Reminder that “struggle for existence” is a conceptual metaphor.

| December 12, 2009 | 1 Reply

In the November, 2009 edition of Nature (available only to subscribers online) Daniel Todes has written an article entitled “Global Darwin: Contempt for Competition.”  Todes points out that although Darwin’s idea of a “struggle for existence” made sense to his English peers, other biologists from other countries rejected this metaphor.  Todes focuses on the alternative viewpoint embraced by many Russian biologists.

Image by Buffafamily at Flickr (creative commons)

Image by Buffafamily at Flickr (creative commons)

In On the Origin of Species (1859), Darwin noted that “there must in every case be a struggle for existence, either one individual with another of the same species, or with the individuals of distinct species, or with the physical conditions of life. It is the doctrine of Malthus applied with manifold force to the whole animal and vegetable kingdoms.” Through this quote, Darwin recognized that he was using “struggle for existence” in a metaphorical sense.  Darwin had been urged to adopt this metaphor by Russel Wallace, who feared that natural selection “seemed to personify a perceptive and forward thinking selector, or god.”

Todes holds that Darwin’s metaphor was common sense to those “who were living on a crowded island with a capitalist economy and highly individualist culture.”  Russian biologists lived in a very different place, however, which led them to “reject Darwin’s Malthusian metaphor.”  Russians did not tend to explore densely populated tropical environments. Rather, they tended to investigate “a vast underpopulated continental plain . . . it was largely empty Siberian expanse in which overpopulation was rare and only the struggle of organisms against a harsh environment was dramatic.”  Todes points out the Russian political system also contrasted sharply with that of Darwin’s England. In Russia, capitalism was only weakly developed, and the social classes stressed cooperation rather than individual struggle, one against the other. In fact, many Russian political commentators “reviled Malthus as an apologist for predatory capitalism and the soulless individualism.” This context for the Russian research led to (many successful) studies in which the focus was “mutual aid” more than “struggle for existence. ”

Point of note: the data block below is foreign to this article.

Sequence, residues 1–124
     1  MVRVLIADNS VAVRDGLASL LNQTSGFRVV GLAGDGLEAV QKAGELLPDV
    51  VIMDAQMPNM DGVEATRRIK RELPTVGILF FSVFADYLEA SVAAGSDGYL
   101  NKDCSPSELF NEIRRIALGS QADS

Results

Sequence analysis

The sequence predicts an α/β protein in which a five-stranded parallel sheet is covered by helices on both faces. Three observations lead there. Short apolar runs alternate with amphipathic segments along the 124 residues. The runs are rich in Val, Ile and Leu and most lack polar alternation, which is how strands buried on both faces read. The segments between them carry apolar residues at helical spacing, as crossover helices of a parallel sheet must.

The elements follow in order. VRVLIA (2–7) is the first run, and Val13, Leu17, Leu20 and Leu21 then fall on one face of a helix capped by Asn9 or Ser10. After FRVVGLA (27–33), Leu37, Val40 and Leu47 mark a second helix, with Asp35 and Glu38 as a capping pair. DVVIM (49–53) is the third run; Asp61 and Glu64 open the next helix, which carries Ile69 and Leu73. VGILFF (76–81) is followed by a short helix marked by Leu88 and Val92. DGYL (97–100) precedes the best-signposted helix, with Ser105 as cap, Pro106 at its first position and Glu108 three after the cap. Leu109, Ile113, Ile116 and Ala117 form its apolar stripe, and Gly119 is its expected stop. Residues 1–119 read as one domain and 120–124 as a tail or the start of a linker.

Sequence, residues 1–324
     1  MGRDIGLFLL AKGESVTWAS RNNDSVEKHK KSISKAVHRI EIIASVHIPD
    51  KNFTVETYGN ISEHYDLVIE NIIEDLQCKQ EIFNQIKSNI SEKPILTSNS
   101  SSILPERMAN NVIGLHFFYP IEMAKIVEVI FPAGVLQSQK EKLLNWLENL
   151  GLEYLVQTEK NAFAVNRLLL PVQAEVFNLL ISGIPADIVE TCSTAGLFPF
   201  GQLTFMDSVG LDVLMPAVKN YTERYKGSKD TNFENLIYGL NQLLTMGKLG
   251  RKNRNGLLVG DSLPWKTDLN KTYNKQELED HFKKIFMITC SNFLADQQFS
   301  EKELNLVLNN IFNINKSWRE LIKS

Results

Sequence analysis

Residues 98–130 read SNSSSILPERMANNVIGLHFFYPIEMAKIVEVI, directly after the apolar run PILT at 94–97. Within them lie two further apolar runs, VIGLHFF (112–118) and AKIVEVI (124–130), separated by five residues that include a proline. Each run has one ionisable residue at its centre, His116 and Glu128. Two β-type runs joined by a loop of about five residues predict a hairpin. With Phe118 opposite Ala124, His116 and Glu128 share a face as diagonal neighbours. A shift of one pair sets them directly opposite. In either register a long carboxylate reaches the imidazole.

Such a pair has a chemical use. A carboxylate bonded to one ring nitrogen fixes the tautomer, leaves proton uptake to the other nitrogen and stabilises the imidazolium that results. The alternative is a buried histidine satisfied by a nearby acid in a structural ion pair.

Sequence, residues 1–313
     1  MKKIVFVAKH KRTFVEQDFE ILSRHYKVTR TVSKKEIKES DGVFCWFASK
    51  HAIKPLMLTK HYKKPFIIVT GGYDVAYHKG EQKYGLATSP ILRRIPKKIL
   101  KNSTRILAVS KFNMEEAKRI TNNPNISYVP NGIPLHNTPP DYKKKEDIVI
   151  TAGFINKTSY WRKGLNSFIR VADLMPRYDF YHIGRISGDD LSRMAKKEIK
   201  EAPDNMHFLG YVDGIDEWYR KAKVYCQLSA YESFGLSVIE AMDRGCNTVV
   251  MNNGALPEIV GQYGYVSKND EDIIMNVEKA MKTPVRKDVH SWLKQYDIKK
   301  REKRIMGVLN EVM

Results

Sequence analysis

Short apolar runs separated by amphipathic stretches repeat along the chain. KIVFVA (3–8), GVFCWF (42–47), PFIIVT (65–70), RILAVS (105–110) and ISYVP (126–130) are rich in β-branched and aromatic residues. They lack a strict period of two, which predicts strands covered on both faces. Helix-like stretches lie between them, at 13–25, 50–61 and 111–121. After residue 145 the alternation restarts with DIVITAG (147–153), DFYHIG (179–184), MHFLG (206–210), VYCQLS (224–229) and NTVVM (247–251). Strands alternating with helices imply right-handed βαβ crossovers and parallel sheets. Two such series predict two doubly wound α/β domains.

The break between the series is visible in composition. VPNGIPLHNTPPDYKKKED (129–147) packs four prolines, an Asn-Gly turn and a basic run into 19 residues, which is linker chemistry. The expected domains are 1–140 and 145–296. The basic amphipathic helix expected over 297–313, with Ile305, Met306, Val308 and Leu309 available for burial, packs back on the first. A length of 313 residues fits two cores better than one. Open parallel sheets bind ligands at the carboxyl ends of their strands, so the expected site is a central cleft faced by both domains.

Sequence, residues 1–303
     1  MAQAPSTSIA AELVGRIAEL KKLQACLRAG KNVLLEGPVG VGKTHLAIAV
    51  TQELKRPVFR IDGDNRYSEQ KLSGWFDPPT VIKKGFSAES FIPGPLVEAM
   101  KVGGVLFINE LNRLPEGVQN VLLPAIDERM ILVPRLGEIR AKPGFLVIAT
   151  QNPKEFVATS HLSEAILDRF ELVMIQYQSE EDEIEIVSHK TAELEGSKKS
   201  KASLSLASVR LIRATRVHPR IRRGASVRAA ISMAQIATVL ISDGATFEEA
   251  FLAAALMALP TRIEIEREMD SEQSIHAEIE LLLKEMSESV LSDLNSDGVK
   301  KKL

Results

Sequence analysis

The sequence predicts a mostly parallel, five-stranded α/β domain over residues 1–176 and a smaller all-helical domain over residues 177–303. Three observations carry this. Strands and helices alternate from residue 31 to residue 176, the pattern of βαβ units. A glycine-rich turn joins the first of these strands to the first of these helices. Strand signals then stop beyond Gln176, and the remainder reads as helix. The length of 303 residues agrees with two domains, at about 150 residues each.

The critique of Darwin’s metaphor led many Russian naturalists to the theory of mutual aid, which emphasized the importance of cooperation. Darwin too had called attention to such cooperation, but the theory of mutual aid went further. It held that the central aspect of the struggle for existence is an organism’s struggle with abiotic conditions, that organisms to join forces in this struggle, that such mutual aid is favored by natural selection, and that cooperation so vitiated intraspecific competition as to render it unimportant in the origin of new species.

Todes notes that Westerners came to associate this view with Peter Kropotkin, who had read Darwin’s Origin while in Siberia “and found the emphasis on overpopulation and intraspecific competition unconvincing.”

In his conclusion, Todes makes a general point about the use of metaphors by scientists:

[R]esearchers bring their life experiences and culture with them into the field and laboratory, and in the course of their investigations actively originate, interpret, develop and reject metaphorical pathways. . . . . metaphors are part of the ineffably human process by which scientists mobilize their experiences and values to explore the infinite complexity of nature.

Todes’ article served as a reminder to me that we must be careful to avoid the mistake of reification.  We must take care so that we don’t interpret metaphors literally lest we push them beyond their limits and mislead ourselves.  Is life literally a “struggle for existence?”  No. Rather, this metaphor is an often fruitful way for us to make sense of the extremely complex history of our ecosystem.   Reifying the “struggle for existence” makes the grotesque conflict-based theories as social Darwinism semi-palatable and it blinds us to the ubiquity of cooperation and empathy, as pointed out recently by Frans de Waal.

For more on the creation and use of conceptual metaphors, see this earlier post concerning the theories of Mark Johnson and George Lakoff.

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Category: Communication, Evolution, Language

About the Author ()

Erich Vieth is an attorney focusing on consumer law litigation and appellate practice. He is also a working musician and a writer, having founded Dangerous Intersection in 2006. Erich lives in the Shaw Neighborhood of St. Louis, Missouri, where he lives half-time with his two extraordinary daughters.

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